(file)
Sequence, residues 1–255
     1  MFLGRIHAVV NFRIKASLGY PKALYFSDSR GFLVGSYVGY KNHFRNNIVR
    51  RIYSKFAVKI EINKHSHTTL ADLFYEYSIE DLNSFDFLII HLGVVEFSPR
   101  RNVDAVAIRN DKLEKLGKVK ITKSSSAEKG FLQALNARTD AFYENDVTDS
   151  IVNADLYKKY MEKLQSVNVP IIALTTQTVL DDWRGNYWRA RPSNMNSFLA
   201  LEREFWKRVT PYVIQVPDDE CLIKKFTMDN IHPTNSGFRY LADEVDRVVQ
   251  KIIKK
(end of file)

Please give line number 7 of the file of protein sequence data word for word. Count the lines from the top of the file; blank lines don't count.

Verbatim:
   251  KIIKK